But it did more than that. Britain “agreed to take those ‘administrative measures’ necessary to remove the nearly 2,000 Chagossians in exchange for $14 million in secret U.S. payments.”
The British kept their end of the bargain. In 1968, Britain began blocking the return of Chagossians who left to obtain medical treatment or to go on vacation, “marooning them often without family members and almost all their possessions,” Vine writes.
British officials soon began restricting food and medical supplies to Chagos. Anglo-American officials designed a public relations plan aimed at, as one British bureaucrat said, “maintaining the fiction” that Chagossians were migrant laborers rather than a people with roots in Chagos for five generations or more. Another British official called them “Tarzans” and “Man Fridays.”
Then, in 1971, the final order came down, reminiscent of a Russian czar expelling Jews from their village. “The U.S. Navy’s highest-ranking admiral, Elmo Zumwalt, issued … a three-word memo.… ‘Absolutely must go.’”
British agents, with the help of Navy Seabees, quickly rounded up the islanders’ pet dogs, gassing and burning them in sealed cargo sheds. They ordered … the remaining Chagossians onto overcrowded cargo ships. During the deportations, which took place in stages until May 1973, most Chagossians slept in the ship’s hold atop guano — bird crap. Prized horses stayed on deck. By the end of the five-day trip, vomit, urine, and excrement were everywhere. At least one woman miscarried.
Arriving in Mauritius and the Seychelles, Chagossians were literally left on the docks. They were homeless, jobless, and had little money, and they received no resettlement assistance.
Remember, this was happening, not in the 18th or 19th century, but in the late 20th century. This year marks the 40th anniversary of the last of the expulsions.
The personal toll has been great. The Chagossians remain poor, and many suffer from illnesses traced to their dispossession. “Scores more Chagossians have reported deaths from sadness and sagren,” or “profound sorrow,” according to Vine.
Five years ago the Chagossians had some ray of hope when three British courts declared the deportations illegal. But the Supreme Court of the United Kingdom overruled the lower courts. “Last year,” Vine adds, “the European Court of Human Rights dismissed the Chagossians’ final appeal on procedural grounds.…”
“A day after the European court ruling, the Obama administration rejected the demands of an online petition signed by some 30,000 asking the White House to ‘redress wrongs against the Chagossians.’”
The British were adequately looking after the matter, the administration said.
Here is government in all its glory.
- Shame, Lies and Secrecy on Diego Garcia (alethonews.wordpress.com)
NEW YORK – In a historic ruling, the European Court of Human Rights today condemned Macedonia’s illegal transfer of Khaled El-Masri into CIA custody and found that his abusive treatment at Macedonia’s airport by the U.S. rendition team “amounted to torture.” The court also found that his abduction and detention – including the time he was in U.S. custody – constituted “enforced disappearance” under international law.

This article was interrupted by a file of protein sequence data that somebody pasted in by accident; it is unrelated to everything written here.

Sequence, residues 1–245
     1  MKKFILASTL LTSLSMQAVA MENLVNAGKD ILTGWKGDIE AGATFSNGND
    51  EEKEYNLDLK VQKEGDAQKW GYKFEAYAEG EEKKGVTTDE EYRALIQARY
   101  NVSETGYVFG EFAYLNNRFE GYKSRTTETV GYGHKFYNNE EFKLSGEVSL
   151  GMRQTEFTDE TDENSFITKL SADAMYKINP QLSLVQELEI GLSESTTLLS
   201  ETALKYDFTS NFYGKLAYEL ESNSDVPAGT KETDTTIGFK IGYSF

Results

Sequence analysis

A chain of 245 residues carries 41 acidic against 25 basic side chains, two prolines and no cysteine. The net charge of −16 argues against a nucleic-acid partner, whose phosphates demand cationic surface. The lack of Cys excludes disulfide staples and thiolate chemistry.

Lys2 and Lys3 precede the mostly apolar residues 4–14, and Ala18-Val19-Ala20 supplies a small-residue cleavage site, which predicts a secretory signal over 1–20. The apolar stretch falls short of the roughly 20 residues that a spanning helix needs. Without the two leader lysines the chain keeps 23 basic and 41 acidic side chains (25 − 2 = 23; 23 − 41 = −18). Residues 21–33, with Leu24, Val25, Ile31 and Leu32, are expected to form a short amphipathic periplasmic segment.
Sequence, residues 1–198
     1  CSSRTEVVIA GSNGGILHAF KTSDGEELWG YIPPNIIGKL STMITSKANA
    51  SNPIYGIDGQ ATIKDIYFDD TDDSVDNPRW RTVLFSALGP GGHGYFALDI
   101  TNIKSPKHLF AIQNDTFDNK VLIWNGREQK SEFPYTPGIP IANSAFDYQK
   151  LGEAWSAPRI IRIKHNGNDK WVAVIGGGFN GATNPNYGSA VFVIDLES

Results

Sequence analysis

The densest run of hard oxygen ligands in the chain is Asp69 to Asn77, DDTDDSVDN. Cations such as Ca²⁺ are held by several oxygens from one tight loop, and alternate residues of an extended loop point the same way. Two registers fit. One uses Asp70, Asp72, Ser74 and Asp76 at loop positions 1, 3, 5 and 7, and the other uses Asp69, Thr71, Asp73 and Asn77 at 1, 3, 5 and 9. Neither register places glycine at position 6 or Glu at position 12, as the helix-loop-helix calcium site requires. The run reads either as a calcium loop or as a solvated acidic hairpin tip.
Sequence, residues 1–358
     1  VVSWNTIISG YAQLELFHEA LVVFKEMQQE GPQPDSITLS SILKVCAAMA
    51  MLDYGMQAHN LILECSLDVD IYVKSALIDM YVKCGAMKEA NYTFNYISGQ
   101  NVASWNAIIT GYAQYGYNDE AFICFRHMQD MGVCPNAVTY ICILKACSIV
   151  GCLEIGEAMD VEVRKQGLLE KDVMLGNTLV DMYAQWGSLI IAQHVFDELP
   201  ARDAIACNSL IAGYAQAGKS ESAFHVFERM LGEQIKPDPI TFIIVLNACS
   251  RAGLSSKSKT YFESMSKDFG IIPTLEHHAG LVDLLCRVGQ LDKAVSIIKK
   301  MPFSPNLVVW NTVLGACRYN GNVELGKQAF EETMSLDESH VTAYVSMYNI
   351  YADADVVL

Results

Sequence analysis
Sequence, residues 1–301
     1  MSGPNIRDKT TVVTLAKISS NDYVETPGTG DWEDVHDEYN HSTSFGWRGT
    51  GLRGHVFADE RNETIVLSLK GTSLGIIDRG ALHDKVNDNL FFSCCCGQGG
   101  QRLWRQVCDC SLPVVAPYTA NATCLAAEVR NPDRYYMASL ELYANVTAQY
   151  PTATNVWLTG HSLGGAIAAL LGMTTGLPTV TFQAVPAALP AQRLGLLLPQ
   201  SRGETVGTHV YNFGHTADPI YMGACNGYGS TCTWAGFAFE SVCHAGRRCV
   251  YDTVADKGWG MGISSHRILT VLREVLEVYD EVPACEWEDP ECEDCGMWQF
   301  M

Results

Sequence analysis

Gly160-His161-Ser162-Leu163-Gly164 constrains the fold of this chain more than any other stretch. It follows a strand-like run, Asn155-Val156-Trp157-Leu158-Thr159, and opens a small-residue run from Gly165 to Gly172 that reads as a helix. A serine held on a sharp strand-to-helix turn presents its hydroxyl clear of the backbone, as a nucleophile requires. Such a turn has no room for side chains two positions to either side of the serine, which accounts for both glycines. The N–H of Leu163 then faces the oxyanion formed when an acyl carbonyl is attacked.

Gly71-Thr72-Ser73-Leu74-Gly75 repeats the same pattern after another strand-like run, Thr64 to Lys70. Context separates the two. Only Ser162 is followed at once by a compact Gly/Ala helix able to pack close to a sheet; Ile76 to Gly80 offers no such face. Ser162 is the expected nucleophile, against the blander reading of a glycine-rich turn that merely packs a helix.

“Today’s landmark decision is a stark reminder of America’s utter failure to hold its own officials accountable for serious violations of both U.S. and international law. Continued lack of accountability is turning the United States into an outlier among its European allies, which is an appalling outcome for a nation that prides itself as a global leader on the rule of law and human rights,” said Jamil Dakwar, director of the American Civil Liberties Union’s Human Rights Program. “Today’s ruling makes it harder for the United States to continue burying its head in the sand and ignoring domestic and global calls for full accountability for torture. This remarkable decision will no doubt put greater pressure on European nations to fully account for their complicity in cooperating with the illegal CIA ‘extraordinary rendition’ program, and to hold responsible those who violated the human rights of El-Masri and those like him.”
El-Masri is a German citizen who in 2003 was mistaken for another person and abducted by Macedonian authorities at a border crossing and held incommunicado for 23 days. He was then handed over to CIA operatives who put him on a secret flight to a “black site” in Afghanistan where he was secretly held, tortured and abused for about four months.
The ACLU currently represents El-Masri in a case against the U.S. now being considered by the Inter-American Commission on Human Rights, and also represented him in a lawsuit in U.S. federal court, which was dismissed. His case before the ECHR was brought by the Open Society Justice Initiative.
In a unanimous decision awarding El-Masri 60,000 Euros, the European court said that the court “underlines the great importance of the present case not only for the applicant and his family, but also for other victims of similar crimes and the general public, who had the right to know what had happened… The concept of ‘State secrets’ has often been invoked to obstruct the search for the truth. State secret privilege was also asserted by the US government in the applicant’s case before the US courts.”